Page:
Those were the days. The vinobranie celebration has a 40 year tradition in Modra.
Courtesy of vinobranie
Viticulture has a long and hallowed tradition in Slovakia, beginning under the Celts and Romans and peaking in the 16th century. This year's Vinobranie celebration marks the 40th anniversary of the event. The two largest local bashes, held in the Bratislava suburb of Rača and the town of Modra, are planned for successive weekends, beginning on September 12 in Rača. Each festival serves up barrels of traditional music, dancing, food and, of course, wine.
The two day celebration in Rača officially kicks off at 11:00 in front of the Kultúrne Stredisko Račan (Rača Culture Center) on Detvianska ulica. The festival promises to be in full swing by then, however, as the Cajlane Brass Ensemble is scheduled to take the stage at 9:00, and will doubtless attract its share ofearly-morning revellers.
Rača's main street and central square will be blocked off and lined with booths selling wine, burčiak (unfermented grape juice - see box, this page), food, crafts and souvenirs. The traditional way to clear the taste buds between drink samples is with lokše, which resemble a buttered soft tortilla.
Sunday's schedule offers more of the same, with children's programs at the amphitheater from 12:30 to 21:00, and music and entertainment at the cultural center until 20:00.
Those with a hankering for Sunday morning sports can catch the Mayor's Cup Football Tournament at Černockého, the BMX competition at Hečkova, or mini-football at ZŠ Tbiliská. All of these spectacles begin at 10:00 a.m.
Visitors thirsting for knowledge about Rača wine making history can check out two exhibitions running from 12:00 to 18:00 each day. The first exhibition, "Ovocie a zelenina," at Klub KDH on Knižková dolina ulica, focuses on the cultivation of grapes and various other fruits and vegetables. The "Račianska izba" exhibition at Obecný dom Alstrova focuses on local wine making history and culture, featuring traditional tools and folk costumes.
To get away from the crowd and clear your head, follow the blue or green trail up the hillside. Along the way you'll see orchards yielding some of the wine and burčiak you've been drinking.
To get to Rača from downtown Bratislava, take tram number 3, 5 or 11 about 15 minutes out of the city center and get off at the Detvianska ulica stop. Follow the crowd across the tram rails to your left.
If Rača can't quench your thirst, or if you prefer a more rural setting, head out to Modra, "the Pearl of the Little Carpathians." This little jewel of a town was the last home and final resting place of Ľudovít Štúr, the codifier of the Slovak language who died here in 1855 from a self-inflicted gunshot wound. Streets and squares across the country bear his name, but nowhere is he more ubiquitous than here. His whitewashed monument on Štúrová ulica, the main street, and the Štúr Museum are prime examples.
This year's celebration will commemorate the 840th anniversary of the first written reference to Modra and the 40th combined Modra-Pezinok Vinobranie celebration - the site alternates each year between Modra and Pezinok, its southern neighbor. Modra is also welcoming visitors from its Belgian sister city, Overijse, the Belgian wine center near Brussels.
With so much to celebrate, this year's festival promises to be a classic. The center of town will be closed to traffic and lined with booths from Friday afternoon through Sunday evening. But the action picks up well before then, beginning Thursday, September 17 at 15:00, with the opening of the first of five exhibitions in Priestor Hornej Brány, the space above the only remaining gate in the town's medieval fortifications.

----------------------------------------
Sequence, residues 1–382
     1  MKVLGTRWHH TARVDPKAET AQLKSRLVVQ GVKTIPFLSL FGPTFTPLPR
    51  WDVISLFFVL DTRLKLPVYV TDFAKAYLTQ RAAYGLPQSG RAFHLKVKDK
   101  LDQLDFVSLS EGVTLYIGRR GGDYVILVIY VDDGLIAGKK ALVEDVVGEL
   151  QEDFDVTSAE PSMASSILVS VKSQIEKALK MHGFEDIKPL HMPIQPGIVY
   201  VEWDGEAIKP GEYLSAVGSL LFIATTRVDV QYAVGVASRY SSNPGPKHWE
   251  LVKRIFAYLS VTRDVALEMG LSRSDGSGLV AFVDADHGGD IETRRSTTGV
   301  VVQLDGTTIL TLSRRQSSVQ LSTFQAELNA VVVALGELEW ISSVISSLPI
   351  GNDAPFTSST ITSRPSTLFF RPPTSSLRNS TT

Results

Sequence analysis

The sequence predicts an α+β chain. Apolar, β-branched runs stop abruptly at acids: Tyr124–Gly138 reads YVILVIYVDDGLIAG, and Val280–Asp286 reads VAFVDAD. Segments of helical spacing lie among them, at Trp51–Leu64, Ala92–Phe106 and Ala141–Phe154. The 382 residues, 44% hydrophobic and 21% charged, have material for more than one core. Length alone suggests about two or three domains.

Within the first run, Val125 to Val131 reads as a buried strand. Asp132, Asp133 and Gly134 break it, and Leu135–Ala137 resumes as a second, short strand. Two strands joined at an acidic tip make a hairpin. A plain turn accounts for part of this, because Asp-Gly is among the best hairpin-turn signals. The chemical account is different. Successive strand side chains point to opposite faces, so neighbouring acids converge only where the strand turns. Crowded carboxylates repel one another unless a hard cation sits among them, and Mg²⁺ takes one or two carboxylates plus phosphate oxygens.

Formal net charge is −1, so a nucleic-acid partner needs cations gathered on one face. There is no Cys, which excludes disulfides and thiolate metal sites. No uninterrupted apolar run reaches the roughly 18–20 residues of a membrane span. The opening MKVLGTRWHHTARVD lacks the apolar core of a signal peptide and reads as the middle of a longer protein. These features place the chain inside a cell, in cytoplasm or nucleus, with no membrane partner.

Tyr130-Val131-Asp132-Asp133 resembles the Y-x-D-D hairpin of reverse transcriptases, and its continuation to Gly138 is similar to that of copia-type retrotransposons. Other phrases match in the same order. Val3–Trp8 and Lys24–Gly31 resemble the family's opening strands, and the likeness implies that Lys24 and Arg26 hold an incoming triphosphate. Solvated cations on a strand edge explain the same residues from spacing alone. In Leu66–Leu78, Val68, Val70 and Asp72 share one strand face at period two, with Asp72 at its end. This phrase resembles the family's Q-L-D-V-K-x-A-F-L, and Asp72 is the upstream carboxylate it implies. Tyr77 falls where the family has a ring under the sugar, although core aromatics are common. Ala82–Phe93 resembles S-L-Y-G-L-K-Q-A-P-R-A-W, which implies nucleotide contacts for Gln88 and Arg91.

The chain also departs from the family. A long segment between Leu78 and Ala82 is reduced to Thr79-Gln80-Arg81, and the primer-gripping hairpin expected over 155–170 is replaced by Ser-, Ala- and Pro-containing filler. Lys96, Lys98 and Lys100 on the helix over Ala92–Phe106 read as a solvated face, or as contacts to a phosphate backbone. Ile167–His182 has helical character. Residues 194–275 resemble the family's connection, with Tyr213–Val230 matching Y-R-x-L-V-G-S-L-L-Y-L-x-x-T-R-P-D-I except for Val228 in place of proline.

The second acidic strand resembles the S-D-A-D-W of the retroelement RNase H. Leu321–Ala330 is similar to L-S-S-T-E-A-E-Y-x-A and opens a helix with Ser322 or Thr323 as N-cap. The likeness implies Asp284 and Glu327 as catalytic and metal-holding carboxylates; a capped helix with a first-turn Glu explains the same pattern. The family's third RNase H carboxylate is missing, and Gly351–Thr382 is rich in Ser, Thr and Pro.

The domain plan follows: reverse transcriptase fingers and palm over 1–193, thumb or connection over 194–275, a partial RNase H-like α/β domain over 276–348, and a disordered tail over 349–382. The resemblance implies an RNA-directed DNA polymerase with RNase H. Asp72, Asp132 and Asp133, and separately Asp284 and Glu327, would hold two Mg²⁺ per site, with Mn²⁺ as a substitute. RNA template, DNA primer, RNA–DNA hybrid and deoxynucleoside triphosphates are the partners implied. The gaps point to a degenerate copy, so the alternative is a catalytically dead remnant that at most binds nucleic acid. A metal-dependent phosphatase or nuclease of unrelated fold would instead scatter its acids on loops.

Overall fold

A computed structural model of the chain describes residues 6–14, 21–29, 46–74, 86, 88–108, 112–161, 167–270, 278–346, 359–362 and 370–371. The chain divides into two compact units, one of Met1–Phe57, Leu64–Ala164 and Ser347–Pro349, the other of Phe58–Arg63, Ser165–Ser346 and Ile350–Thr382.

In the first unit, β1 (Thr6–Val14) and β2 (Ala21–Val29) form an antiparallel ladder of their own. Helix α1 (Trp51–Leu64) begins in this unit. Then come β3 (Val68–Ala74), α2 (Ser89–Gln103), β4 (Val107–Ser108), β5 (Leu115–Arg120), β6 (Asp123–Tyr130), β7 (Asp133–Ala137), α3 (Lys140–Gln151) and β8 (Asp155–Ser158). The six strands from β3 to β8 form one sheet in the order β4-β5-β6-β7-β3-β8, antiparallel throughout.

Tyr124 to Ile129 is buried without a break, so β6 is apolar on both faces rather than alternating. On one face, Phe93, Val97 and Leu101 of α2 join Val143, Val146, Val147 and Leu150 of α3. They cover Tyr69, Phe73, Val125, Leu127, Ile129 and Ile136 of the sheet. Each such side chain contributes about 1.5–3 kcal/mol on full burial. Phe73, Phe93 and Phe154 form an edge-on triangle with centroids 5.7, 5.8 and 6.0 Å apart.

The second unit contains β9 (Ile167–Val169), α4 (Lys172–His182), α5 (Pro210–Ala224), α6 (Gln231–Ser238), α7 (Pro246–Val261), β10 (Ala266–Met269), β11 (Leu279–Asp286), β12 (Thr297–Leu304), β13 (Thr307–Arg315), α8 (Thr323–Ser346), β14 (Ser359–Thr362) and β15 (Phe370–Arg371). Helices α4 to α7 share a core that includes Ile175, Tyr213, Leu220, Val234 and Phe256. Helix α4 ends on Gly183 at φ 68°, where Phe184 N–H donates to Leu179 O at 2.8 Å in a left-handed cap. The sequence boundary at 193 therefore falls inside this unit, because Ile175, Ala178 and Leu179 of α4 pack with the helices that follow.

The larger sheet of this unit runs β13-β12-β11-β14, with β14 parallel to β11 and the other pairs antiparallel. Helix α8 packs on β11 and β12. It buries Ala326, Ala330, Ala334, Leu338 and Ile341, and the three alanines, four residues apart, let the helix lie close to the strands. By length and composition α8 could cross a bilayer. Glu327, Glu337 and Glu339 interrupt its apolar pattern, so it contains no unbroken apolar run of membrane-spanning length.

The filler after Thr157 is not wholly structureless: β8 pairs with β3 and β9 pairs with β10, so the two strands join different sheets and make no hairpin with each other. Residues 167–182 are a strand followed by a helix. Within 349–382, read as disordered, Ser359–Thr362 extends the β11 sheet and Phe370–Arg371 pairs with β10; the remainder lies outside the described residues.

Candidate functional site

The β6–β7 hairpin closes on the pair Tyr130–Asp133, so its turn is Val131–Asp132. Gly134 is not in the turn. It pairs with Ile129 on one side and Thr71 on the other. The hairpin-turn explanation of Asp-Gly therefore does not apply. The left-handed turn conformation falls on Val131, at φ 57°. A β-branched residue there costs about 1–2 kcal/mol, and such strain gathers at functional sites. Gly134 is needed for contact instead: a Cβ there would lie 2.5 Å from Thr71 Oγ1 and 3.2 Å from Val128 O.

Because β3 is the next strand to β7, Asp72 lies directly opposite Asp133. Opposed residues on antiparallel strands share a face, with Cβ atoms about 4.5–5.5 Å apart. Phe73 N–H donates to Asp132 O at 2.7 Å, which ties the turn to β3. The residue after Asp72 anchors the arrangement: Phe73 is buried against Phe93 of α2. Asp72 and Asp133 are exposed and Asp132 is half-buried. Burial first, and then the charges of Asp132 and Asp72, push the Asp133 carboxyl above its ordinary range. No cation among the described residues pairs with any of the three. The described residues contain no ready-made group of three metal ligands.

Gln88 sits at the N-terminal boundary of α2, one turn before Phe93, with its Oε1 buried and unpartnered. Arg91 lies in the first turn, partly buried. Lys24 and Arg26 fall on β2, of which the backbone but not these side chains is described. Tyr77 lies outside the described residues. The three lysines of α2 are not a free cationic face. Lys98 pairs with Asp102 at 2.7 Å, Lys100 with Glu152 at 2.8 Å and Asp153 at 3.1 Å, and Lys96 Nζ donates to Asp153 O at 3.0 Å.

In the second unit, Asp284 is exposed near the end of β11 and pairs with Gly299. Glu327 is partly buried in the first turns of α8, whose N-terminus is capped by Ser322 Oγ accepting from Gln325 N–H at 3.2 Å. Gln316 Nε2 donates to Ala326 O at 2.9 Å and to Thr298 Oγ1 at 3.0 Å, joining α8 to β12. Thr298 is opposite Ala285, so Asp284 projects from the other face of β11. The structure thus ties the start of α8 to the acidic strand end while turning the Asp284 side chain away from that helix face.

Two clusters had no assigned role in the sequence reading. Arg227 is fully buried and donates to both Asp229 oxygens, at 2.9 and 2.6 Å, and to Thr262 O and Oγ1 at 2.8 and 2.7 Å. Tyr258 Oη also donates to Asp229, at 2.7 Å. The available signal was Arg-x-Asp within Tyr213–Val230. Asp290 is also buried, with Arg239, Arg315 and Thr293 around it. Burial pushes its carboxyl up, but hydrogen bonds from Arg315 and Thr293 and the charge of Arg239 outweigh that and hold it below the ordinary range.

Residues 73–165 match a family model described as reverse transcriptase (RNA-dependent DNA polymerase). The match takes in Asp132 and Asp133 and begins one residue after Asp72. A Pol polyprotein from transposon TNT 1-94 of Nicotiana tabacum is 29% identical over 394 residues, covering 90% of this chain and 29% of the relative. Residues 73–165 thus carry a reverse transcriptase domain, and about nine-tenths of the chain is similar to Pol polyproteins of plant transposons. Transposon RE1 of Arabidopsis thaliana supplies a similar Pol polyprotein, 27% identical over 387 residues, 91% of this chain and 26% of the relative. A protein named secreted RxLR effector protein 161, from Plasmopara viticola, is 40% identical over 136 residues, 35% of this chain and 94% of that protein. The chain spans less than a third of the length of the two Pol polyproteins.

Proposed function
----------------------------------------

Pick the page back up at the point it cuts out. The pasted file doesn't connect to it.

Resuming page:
This exhibition will feature traditional Slovak ceramics, one of Modra's other claims to fame. These colorful hand-painted gems, in many forms including jugs, plates, candle holders and cups, grace numerous Slovak kitchens and souvenir shops. You'll have plenty of opportunities to purchase your own throughout the festival, at streetside booths.
Other exhibitions opening on Thursday afternoon include one on historical Slovak cities at the Kultúrny dom Ľudovíta Štúra at 16:00; an exhibition of historical documents at the Ľudovít Štúr Museum at 16:30; a crafts exhibition, entitled "By my eyes, by my hands", on Štúrová ulica at 17:00; and finally, at 18:00, a hunting trophies exhibit at Klub dôchodcov (the retired folks' club).
The official opening ceremony kicks off at 17:00 on Friday, September 18, followed by country and folk music and dance throughout the evening and the rest of the weekend. One advantage of the Modra festival is the opportunity to taste the latest award winning wines from the winetasting competition held before the festival (the Rača wine competition is held in May). Arrive early on Saturday to taste the best wines, and then head straight for the Stredná Poľnohospodárska Technická Škola-Vinárska (Secondary Agricultural School of Viticulture) near the Evangelical Church. There you can buy a program listing the winners, a small wine-tasting glass and drinks coupons.
Hourly buses to Modra leave Bratislava's main station on the half hour. It takes nearly an hour to get there. If you have a car and a designated driver (remember, Slovak law does not tolerate any alcohol in the blood) you can take road number 502 out of Rača and follow the signs to Modra.
Modra and Rača are eager to welcome foreign visitors who want to struggle with life's more important decisions, as expressed in this Slovak saying: "Taste says another glass, reason says no. The smarter one gives in, so I'll have another go."
14. Sep 1998 at 0:00 | Matthew Evans